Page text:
Rep. Josh Gottheimer (D-N.J.), a leader of the House’s bipartisan Problem Solvers group, calls Sanders’ $6 trillion “very aggressive.” And Rep. Brad Schneider (D-Ill.), a leader of the moderate New Democrat Coalition, said he wants to help families and businesses without “building castles in the sky.”
Progressives are just as assertive. To maintain leverage, they’re demanding that Congress not approve a bipartisan Senate compromise providing $1.2 trillion for roads, pipelines and other infrastructure projects until there’s also a second bill providing additional money for health care, housing and other programs, which is unlikely to win GOP votes.
That strategy has won support from House Speaker Nancy Pelosi (D-Calif.), with Biden also favoring the two-track approach. But moderates eager to notch an infrastructure win and less wedded to a huge, separate bill expanding family-centered programs are pushing back, saying they want Congress to pass the bipartisan infrastructure bill as soon as this month.
Rep. Stephanie Murphy (D-Fla.), co-chair of House Democrats’ centrist Blue Dog Coalition, says she thinks there will be enough votes to quickly approve the infrastructure measure.
“And when you have the votes you should take the vote,” she said.
Countering that, Rep. Pramila Jayapal (D-Wash.), chair of the Congressional Progressive Caucus, says “dozens” of her group’s nearly 100 members say they won’t vote for the bipartisan infrastructure bill unless the separate package of health care and other family-oriented programs also moves.
“Our leverage is saying we’re not going to be able to pass a piece of legislation unless you do the other one” for families, said Rep. Ilhan Omar (D-Minn.), the progressive group’s vote counter.
The progressive caucus has said it wants five priorities included in the legislation: health care, housing, child care and other family benefits, climate change and helping millions of immigrants become citizens.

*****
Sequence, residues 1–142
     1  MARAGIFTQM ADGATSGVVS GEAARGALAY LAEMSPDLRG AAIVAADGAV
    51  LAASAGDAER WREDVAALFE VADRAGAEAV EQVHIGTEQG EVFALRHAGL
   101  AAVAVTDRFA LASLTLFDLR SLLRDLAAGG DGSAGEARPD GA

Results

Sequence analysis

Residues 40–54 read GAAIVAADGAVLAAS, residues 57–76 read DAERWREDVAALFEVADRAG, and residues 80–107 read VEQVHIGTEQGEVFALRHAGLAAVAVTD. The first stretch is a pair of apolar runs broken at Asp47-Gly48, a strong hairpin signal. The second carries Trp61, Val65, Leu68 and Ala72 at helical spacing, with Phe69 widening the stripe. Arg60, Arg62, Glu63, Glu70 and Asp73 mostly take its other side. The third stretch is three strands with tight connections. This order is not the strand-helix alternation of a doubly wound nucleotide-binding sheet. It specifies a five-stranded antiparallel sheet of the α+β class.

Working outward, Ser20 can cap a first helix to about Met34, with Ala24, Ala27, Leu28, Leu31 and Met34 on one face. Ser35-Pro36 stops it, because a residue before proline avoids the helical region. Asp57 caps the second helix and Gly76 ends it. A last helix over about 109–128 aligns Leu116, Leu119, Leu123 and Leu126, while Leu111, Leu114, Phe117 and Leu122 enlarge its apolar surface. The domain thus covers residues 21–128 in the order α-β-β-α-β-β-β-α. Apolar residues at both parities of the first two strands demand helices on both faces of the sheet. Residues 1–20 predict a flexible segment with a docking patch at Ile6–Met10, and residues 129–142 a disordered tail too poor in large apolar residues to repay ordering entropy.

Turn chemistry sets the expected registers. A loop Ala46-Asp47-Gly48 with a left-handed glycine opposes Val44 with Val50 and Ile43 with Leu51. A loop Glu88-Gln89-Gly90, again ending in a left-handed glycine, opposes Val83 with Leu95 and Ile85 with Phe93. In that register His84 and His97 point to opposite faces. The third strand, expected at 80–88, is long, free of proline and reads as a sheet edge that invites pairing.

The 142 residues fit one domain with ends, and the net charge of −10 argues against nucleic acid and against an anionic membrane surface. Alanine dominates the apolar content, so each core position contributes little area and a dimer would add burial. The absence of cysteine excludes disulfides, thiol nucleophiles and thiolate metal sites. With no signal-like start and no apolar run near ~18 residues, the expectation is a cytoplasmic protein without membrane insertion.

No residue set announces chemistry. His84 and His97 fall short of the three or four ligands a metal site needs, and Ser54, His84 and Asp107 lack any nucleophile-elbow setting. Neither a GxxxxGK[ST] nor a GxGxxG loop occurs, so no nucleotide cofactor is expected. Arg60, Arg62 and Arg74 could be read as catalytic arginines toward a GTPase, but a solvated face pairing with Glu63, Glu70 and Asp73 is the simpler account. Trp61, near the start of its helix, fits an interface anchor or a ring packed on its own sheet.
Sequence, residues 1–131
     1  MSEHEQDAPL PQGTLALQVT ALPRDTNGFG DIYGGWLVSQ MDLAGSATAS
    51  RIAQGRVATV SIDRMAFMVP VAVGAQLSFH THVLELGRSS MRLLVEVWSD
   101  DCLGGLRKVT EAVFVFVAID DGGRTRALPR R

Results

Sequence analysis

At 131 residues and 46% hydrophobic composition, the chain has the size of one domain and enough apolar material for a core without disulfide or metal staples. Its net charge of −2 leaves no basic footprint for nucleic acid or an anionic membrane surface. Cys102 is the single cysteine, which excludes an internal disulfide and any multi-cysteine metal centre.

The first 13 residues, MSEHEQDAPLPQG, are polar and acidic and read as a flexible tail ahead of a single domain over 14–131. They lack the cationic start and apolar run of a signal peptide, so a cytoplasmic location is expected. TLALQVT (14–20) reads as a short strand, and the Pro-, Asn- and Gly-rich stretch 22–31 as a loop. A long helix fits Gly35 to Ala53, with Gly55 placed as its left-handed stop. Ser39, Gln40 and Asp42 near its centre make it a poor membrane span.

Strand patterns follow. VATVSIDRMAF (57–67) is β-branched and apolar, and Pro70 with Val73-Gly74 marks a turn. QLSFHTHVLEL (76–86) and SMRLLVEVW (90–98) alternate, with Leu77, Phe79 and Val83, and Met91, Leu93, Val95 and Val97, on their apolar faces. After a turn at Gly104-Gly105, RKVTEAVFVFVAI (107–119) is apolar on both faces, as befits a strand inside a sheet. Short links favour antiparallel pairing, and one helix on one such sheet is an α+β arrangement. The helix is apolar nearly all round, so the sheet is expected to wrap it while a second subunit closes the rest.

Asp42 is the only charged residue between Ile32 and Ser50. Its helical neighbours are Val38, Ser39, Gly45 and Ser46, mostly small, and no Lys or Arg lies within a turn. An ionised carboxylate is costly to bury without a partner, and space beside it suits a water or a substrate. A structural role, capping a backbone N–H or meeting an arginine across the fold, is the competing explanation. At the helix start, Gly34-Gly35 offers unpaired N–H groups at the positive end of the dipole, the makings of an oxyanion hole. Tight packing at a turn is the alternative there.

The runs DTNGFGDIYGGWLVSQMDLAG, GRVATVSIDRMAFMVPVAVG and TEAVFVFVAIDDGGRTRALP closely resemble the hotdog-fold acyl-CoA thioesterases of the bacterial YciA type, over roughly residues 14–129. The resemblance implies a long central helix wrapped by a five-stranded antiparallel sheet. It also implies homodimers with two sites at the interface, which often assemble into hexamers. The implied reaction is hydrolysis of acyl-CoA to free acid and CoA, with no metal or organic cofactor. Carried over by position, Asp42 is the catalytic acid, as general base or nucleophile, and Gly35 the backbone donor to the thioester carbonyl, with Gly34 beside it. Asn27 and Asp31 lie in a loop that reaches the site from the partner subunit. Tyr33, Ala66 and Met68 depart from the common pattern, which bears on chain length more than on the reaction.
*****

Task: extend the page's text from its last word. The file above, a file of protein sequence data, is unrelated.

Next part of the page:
Moderates have voiced general support for health care, family benefits and other progressive priorities. But some have suggested, often without detail, downsizing liberals’ costly proposals such as expanding Medicare coverage to people as young as age 60. They cite concerns about higher prices that some say federal spending could ignite.
“There’s this ‘I’ word out there that’s called inflation,” said Rep. Lou Correa (D-Calif.), a member of House Democrats’ Blue Dogs.
Besides setting spending and revenue targets, a budget will be make-or-break for Democrats because under congressional rules, it would let them prevent Republicans from using Senate filibusters to kill later legislation actually providing the money for Biden’s plans. Filibusters, or endless procedural delays, take 60 votes to overcome, a nearly insurmountable obstacle in today’s hyper-partisan Congress.
Democrats control the House 220-211 with four vacancies and can lose no more than four of their votes to pass bills. That number will shrink to just three after a Texas runoff late this month in which both remaining candidates are Republicans.
“Everybody needs to advocate as clear as possible for their priorities,” said Yarmuth, the House budget chairman. “But everybody ultimately has to vote for whatever comes up, or we get nothing.”